How To Spot Counterfeit Money

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Counterfeit money is imitation currency produced without the legal sanction of the state government. There are multiple ways to check and make sure the money you are taking is not counterfeit money.

  1. PENS: We have pens located on each register that mark fake bills black if it is a real bill it will be a yellowish color. The problem with this is newspaper will not turn black when marked with one of these pens. People will use newspaper to make counterfeit money and the pen will not detect that it is fake.

  2. WATERMARK: In many of the new bills, the watermark is a replica of the face on the bill. In some, it is only an oval spot. Hold the bill up to a light and look for the watermark on the bill.

  1. The watermark should only be visible when you hold it up to a light.

  2. The watermark should be on the right side of the bill.

  3. If it is a face, the watermark face should exactly match the face on the bill.

  1. COLOR SHIFTING INK: Make sure the denomination at the bottom right-hand corner correctly color shifts. Optically variable ink or color shifting ink is used as an anti-counterfeiting measure. The ink displays two distinct colors depending on the angle the bill is viewed at. Take a $20 bill, for example, the 20 located on the bottom right-hand corner will have a copper color when you are looking straight at it. If you rotate the top of the bill down so that the bill looks flatter to the eye, it will turn to more of a greenish color.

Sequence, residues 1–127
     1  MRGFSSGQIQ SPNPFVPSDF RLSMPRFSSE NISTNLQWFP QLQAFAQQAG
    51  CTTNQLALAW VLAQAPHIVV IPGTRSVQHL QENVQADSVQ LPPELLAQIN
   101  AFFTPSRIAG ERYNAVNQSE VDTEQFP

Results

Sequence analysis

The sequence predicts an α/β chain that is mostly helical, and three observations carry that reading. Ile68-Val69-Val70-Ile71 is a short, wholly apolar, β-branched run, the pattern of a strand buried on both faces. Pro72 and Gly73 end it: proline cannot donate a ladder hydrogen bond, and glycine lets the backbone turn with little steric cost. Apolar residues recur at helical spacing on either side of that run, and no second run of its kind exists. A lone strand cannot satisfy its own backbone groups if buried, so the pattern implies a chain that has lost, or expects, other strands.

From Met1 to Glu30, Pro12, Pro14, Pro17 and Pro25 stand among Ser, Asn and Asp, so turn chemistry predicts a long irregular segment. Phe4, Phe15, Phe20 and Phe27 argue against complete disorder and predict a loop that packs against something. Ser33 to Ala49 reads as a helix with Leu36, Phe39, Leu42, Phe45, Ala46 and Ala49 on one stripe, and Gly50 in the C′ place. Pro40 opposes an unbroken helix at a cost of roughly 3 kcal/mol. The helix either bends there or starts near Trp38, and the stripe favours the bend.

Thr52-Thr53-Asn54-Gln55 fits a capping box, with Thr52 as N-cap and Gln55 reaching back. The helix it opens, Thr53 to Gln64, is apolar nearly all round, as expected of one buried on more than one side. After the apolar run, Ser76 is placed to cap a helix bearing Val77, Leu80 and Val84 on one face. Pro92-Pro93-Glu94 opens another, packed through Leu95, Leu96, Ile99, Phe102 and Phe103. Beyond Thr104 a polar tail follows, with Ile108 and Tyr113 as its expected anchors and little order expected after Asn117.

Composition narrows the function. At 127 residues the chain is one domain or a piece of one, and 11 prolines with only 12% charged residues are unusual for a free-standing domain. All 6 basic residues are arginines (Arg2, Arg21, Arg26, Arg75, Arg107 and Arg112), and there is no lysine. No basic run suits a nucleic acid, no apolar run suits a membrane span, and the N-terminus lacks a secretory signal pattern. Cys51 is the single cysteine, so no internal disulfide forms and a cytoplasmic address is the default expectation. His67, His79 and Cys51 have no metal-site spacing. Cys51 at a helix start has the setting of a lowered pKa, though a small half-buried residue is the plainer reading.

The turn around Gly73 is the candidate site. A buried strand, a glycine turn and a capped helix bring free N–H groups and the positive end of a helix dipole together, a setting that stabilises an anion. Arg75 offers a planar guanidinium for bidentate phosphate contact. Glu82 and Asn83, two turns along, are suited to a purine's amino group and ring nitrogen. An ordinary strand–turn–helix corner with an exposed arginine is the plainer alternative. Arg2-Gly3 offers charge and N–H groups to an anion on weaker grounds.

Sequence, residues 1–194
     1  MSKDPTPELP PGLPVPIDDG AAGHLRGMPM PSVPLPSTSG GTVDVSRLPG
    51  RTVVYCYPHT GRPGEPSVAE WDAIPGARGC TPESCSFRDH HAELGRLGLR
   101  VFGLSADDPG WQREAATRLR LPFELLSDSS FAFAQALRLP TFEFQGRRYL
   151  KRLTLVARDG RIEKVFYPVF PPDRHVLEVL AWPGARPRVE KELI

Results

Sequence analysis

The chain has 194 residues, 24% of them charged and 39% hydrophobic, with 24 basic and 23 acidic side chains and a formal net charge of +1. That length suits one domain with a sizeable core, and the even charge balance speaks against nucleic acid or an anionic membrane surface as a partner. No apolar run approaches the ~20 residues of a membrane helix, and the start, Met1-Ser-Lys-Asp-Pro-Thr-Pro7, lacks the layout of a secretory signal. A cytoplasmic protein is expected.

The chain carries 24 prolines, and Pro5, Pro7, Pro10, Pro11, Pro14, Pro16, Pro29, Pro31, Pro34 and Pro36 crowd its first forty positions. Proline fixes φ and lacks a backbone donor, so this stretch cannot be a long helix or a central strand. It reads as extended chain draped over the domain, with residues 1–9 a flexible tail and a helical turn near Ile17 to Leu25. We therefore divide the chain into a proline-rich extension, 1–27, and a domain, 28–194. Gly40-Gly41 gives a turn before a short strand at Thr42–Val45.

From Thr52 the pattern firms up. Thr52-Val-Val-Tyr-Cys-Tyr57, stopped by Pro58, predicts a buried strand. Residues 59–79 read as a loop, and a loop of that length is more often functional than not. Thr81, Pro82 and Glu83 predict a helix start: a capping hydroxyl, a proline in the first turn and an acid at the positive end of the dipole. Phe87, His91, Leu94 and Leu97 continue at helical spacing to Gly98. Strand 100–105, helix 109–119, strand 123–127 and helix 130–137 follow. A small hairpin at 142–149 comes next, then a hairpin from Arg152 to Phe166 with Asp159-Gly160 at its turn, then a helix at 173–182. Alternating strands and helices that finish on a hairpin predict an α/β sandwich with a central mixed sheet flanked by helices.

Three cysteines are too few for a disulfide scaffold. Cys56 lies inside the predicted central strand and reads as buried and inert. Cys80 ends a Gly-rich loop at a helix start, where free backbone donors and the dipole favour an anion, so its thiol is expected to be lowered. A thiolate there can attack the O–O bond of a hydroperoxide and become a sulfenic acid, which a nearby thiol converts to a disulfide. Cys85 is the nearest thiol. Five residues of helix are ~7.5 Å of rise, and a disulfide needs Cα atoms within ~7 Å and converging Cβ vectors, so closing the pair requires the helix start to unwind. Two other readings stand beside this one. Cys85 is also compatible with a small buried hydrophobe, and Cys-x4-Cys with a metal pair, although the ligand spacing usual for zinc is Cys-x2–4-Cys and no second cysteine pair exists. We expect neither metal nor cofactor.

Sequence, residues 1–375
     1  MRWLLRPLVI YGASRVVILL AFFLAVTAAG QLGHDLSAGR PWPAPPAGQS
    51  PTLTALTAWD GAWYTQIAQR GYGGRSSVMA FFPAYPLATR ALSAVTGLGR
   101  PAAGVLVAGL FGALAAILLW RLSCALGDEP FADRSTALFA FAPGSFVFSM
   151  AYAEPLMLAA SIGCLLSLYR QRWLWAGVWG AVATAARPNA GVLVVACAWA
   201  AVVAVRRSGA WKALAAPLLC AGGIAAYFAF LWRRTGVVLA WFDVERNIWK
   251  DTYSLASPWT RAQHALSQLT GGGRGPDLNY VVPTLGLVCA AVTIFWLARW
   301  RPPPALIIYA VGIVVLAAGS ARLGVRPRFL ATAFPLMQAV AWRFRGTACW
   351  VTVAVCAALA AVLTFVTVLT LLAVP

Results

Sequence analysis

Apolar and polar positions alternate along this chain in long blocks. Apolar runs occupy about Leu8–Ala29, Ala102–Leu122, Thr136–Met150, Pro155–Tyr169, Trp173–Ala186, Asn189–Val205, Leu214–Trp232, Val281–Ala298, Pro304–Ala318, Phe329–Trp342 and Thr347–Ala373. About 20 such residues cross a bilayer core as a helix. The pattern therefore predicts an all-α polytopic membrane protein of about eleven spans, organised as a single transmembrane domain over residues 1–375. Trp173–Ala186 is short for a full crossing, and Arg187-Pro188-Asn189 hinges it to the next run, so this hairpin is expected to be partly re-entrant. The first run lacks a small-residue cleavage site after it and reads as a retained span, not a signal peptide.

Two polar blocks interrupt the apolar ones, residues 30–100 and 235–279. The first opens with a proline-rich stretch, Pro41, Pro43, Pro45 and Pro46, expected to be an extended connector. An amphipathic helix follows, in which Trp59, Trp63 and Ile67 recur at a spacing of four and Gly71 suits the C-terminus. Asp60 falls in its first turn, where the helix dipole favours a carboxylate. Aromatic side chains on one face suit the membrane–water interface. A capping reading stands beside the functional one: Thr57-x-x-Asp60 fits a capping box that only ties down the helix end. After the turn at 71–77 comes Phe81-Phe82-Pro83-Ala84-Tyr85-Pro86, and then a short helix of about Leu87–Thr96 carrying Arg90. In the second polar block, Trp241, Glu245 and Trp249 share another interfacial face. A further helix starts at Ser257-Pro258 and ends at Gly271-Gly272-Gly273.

2. RAISED PRINTING:  Real bills will all have raised printing. To detect raised printing, take your fingernail and run it carefully down the collar/jacket. You should feel an unsmooth texture.

  3. SECURITY THREAD: The security thread is one of the most distinctive security indicators of an authentic bill. If you hold any bill up to the light, you will see a security strip vertical on the bill. It will have USA and the bill’s denomination. The ultimate test is to put the bill under a UV or black light to make sure the bill glows the correct color.


$5 – Right side. Glows blue under UV light.

$10 – Right side. Glows orange under UV light.

$20 – Far left hand side. Glows green under UV light.

$50 – Right around the middle. Glows yellow under UV light.

$100 – Left side. Glows pink under UV light.

  1. SECURITY RIBBON (ONLY ON NEW $100 BILLS): The newly printed $100 has an extra security feature. There is a visible blue security ribbon down the middle of the bill that is 3D. If you move it back and forth, you will actually see the number 100 and a variety of little bells will move from side to side as the bill shifts.

  2. SERIAL NUMBERS SHOULD CORRESPOND TO  PRINTING YEAR/SERIES: The last thing to check if you are unsure, make sure the serial number matches the supposed series/run year printed on the bill. Each letter that starts a serial number for a bill corresponds to a specific year.

E – 2004

G – 2004A

I – 2006

J – 2009

L – 2009A

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